Kangeiko is “cold weather training”. At Aikido Olympia, this is an annual event that provides the opportunity to wake up earlier than some of us think is normal, to accept the world around us even if it’s cold and rainy, to remain undistracted by the feeling of our bare feet on the freezing cold mats, and to practice vigorously before we begin our day. Kangeiko elevates our own practices, nourishes the kiai of our dojo, and hopefully helps us develop greater perspective- “If I can participate in Kangeiko and enjoy it, then what else am I capable of doing?” Kangeiko will be held Monday, February 18th through Friday, February 22nd, we will meet at the dojo from 5:30 to 6:15 in the morning for these classes. 

By Nate Weed

The three sisters

To go along with Aikido in daily life: February 2019, I want to share this short aikido simile. I’m not sure who originally wrote this but want to share…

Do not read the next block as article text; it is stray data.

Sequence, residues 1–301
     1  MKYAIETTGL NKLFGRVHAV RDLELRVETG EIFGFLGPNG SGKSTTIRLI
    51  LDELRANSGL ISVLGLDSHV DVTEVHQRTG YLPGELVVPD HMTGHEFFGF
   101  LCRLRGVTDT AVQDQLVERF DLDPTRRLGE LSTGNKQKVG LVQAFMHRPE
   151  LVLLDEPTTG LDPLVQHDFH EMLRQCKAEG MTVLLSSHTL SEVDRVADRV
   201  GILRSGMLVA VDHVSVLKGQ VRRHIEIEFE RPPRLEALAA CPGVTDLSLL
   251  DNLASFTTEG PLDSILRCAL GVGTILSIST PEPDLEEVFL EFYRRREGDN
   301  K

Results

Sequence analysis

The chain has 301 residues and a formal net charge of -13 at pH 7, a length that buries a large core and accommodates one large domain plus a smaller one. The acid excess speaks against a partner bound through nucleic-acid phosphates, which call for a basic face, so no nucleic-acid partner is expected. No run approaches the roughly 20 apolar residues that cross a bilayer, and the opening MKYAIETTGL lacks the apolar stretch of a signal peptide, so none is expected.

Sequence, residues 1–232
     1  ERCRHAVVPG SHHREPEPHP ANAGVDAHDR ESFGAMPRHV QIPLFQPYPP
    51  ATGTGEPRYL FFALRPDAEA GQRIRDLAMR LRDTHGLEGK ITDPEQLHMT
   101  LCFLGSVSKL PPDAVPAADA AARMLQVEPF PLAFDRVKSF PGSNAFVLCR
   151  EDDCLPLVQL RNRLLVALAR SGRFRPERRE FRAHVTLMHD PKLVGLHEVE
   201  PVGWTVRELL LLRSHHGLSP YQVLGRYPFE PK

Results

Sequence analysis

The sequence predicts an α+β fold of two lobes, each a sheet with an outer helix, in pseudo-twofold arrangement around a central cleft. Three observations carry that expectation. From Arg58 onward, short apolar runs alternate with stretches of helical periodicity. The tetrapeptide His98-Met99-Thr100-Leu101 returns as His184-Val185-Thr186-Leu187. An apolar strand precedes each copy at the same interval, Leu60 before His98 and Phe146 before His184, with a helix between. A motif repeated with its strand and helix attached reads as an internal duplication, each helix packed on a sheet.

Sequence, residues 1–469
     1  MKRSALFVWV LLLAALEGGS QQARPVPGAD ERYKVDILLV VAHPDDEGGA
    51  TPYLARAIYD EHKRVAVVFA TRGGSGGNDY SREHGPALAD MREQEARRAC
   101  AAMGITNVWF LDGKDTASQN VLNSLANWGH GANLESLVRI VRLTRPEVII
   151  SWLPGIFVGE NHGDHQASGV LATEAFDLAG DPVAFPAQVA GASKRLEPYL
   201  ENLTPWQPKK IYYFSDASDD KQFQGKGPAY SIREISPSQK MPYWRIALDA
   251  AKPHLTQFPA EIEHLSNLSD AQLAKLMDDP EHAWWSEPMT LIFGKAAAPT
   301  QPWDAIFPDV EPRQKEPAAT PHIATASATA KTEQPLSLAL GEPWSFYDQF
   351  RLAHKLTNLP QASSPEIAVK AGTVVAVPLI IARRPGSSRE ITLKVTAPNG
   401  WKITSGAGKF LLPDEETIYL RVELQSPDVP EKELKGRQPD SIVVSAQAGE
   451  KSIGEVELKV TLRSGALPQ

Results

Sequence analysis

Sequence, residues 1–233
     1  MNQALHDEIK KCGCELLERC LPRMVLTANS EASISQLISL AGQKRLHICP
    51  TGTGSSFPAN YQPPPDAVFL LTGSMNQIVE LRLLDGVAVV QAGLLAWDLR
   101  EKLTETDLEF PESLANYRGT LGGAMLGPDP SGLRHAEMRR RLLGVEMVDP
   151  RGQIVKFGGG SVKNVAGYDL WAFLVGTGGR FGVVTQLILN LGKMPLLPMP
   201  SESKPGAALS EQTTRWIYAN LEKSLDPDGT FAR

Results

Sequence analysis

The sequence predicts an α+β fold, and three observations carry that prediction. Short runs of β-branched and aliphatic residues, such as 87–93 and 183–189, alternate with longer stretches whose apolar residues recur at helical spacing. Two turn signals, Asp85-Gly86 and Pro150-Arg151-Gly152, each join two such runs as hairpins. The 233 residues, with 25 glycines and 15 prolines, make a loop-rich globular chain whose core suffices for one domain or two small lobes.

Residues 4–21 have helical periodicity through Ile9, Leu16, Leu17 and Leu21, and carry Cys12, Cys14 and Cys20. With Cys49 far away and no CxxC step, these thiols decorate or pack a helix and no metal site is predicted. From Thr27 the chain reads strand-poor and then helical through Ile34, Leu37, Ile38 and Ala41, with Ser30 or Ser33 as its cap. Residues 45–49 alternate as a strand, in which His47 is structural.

“Jujitsu, Judo, and Aikido are like three sisters. Jujitsu is the oldest sister. She has a temper and likes to fight. She is only interested in winning, has fought many times, and knows what techniques are effective. Since she will fight anyone, she must have excellent technique to secure victory. And, if you had to be in a fight, you would want her standing next to you. Judo is the middle sister. She is more interested in fun and competition, not actual combat. She is excited by the glory of competition. But she can and will fight if pushed. Years of training and competition has made her tough. And remember, she grew up with big sister who taught her a few tricks. Aikido is the youngest sister. Although she is familiar with war and competition, she has little use for it and almost always finds a peaceful solution. She is also the most beautiful of her sisters and people feel good just being in her presence. But she is not incapable of defense. She can manage quite well on her terms, and she is very tricky. Even still, one should be aware that even if she fails, she still has two older sisters who watch over her. “